Blog friend sc shared an interesting piece this morning. Crux Magazine provides a good overview of what encyclicals are, their target audiences, and a brief history. It would be a good overview for the non-Catholics among us or those who went to Catholic schools but didn't always pay attention.
The end of the article contains -- benignly to the authors -- my worst fear: that this will be important and persuasive.
Other religious leaders also have been emboldened by Laudato Si.
Two days before the encyclical was to appear, Justin Welby, Archbishop of Canterbury and head of the Anglican Church, issued a "green declaration" signed by British faith leaders who assert that climate change has hurt the poor of the world.
On June 15, the Buddhist leader Dalai Lama told his more than 11 million Twitter followers that "since climate change and the global economy now affect us all, we have to develop a sense of the oneness of humanity."
A day later, the Lausanne Movement, representing Evangelical Christians in almost 200 countries said Evangelicals were anticipating Laudato Si and grateful for it.
A Catholic, an Orthodox, an atheist scientist, and an economist will present Francis' [sic] letter this Thursday in Rome. Francis explained this move on Sunday, saying that "we need unity to protect creation."
Pope Francis opens the encyclical, which includes extensive sections on the theology of creation, with a lament for man's sins against "Mother Earth": "We have come to see ourselves as her lords and masters, entitled to plunder her at will. The violence present in our hearts, wounded by sin, is also reflected in the symptoms of sickness evident in the soil, in the water, in the air and in all forms of life."
Please don't be offended -- I don't believe in the Antichrist per se. But you have to admit -- It would be a much better launching pad than the leader of Russia or some such. To catch the antichrist, you have to think like the antichrist.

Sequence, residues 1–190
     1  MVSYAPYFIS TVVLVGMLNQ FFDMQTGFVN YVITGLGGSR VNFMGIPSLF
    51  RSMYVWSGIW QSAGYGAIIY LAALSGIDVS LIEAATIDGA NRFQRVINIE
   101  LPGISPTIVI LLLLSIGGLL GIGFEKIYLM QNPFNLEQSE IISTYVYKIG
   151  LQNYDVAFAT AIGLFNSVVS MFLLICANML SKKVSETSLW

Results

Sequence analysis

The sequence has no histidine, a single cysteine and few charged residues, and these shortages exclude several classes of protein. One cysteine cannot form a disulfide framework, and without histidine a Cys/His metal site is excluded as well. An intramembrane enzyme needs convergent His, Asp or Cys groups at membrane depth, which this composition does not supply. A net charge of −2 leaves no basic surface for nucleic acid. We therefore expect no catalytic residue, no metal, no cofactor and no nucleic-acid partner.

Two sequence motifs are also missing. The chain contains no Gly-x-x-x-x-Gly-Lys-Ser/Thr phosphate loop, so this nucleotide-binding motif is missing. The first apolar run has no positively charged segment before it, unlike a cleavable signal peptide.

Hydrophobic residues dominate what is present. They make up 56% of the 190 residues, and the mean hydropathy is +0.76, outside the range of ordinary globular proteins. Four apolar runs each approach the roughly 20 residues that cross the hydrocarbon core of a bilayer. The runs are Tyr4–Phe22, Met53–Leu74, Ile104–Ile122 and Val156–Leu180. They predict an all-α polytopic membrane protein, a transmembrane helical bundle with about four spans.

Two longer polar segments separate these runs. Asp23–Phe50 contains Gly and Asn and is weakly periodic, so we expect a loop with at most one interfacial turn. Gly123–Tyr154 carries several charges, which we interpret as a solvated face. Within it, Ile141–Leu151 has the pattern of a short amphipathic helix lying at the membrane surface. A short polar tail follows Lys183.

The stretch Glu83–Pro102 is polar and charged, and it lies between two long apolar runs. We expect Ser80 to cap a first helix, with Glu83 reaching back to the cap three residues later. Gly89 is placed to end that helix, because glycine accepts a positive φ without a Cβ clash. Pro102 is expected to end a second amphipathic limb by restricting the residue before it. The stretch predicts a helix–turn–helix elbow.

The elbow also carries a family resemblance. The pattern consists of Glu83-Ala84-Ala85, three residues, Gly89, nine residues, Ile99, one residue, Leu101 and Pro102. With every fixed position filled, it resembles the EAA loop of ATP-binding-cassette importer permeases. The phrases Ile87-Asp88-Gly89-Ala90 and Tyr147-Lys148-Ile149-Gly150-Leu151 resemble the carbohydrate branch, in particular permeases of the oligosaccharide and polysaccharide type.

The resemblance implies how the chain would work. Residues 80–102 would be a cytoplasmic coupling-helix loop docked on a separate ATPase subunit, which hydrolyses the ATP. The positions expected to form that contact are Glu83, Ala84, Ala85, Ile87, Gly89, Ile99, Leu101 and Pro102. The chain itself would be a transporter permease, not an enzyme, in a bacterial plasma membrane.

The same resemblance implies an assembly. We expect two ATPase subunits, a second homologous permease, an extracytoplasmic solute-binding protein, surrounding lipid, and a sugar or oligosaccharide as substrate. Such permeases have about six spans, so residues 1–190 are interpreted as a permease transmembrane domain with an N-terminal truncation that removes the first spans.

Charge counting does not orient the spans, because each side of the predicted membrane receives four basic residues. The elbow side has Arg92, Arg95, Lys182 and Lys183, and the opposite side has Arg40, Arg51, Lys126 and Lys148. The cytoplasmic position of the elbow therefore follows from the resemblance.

Peggy Noonan is my tether to the Church in which I was raised. I found it rather easy to ignore Bill Buckley; Eliot and Chesterton were historical figures; but our Margret spoke to things deep inside. Her description of the miracle at Guadalupe brings tears as I think of it years later. Her intellectual tie of church teachings to the anti-Communism of John Paul II provided a context for liberty in faith. Even when she was bamboozeled by a first-term Senator from Illinois, I listened.
I share because it is clear from her column today that she shares some of my skepticism about the current occupant.
What you find among the churchmen of Rome is what a mystery Francis still is after two years of his papacy. To put it less dramatically, they're still getting to know him and pondering different aspects of his nature, some of which seem contradictory. They love his charisma and respect and appreciate his popularity. He has a gift for intimacy but few intimate friends. He is "a complicated figure," according to a priest who knows him.
Though ideological categories don’t fully apply, Francis's political vision is usually described as more or less of the left, assuming a faith in the power of the state to help and protect the people. On piety and the great moral issues the modern church faces each day, he is a traditionalist, though a largely unheard one because the media do not find that part of the picture interesting.
I said "some." You can call someone complicated without suggesting that he or she is the antichrist. But I am not overreaching to suggest that Pope Francis has not found the place in her heart that JPII did. Too soon to call it, but the smart money is on there not being a Francis book.
When he speaks on theological things-- the meaning of the gospel, the mission of the church--he is universally known to be drawing from a deep theological well of study, contemplation and experience. When he talks about politics it’s more like he is probing a tooth that hurts. When he pops off, and he likes to pop off, he causes the church he loves discomfort.
I can be meaner. His bad economics will harm tens of millions. His telegraphed embracement of Climate Change orthodoxy will keep millions poor longer than is necessary. Yes, it is nice to have a guy who doesn't want to burn gays on the pyre and rip out the tongues of the divorced with pliers. But I have come to find it disturbing. "I am, the cool Pope," he says. And this makes his other ideas more dangerous. As far as climate, I'll let Ms. Noonan finish.
The Vatican feels the science of climate change is settled. It wants to be in the conversation, it wants to speak on an issue that has great meaning for the young, and as a cardinal said, "The church got it wrong with Galileo and it doesn’t want to get it wrong again." Also the European elite is all in on climate change and the Vatican is in Europe. The Church fears being tagged as antiscience and antifact.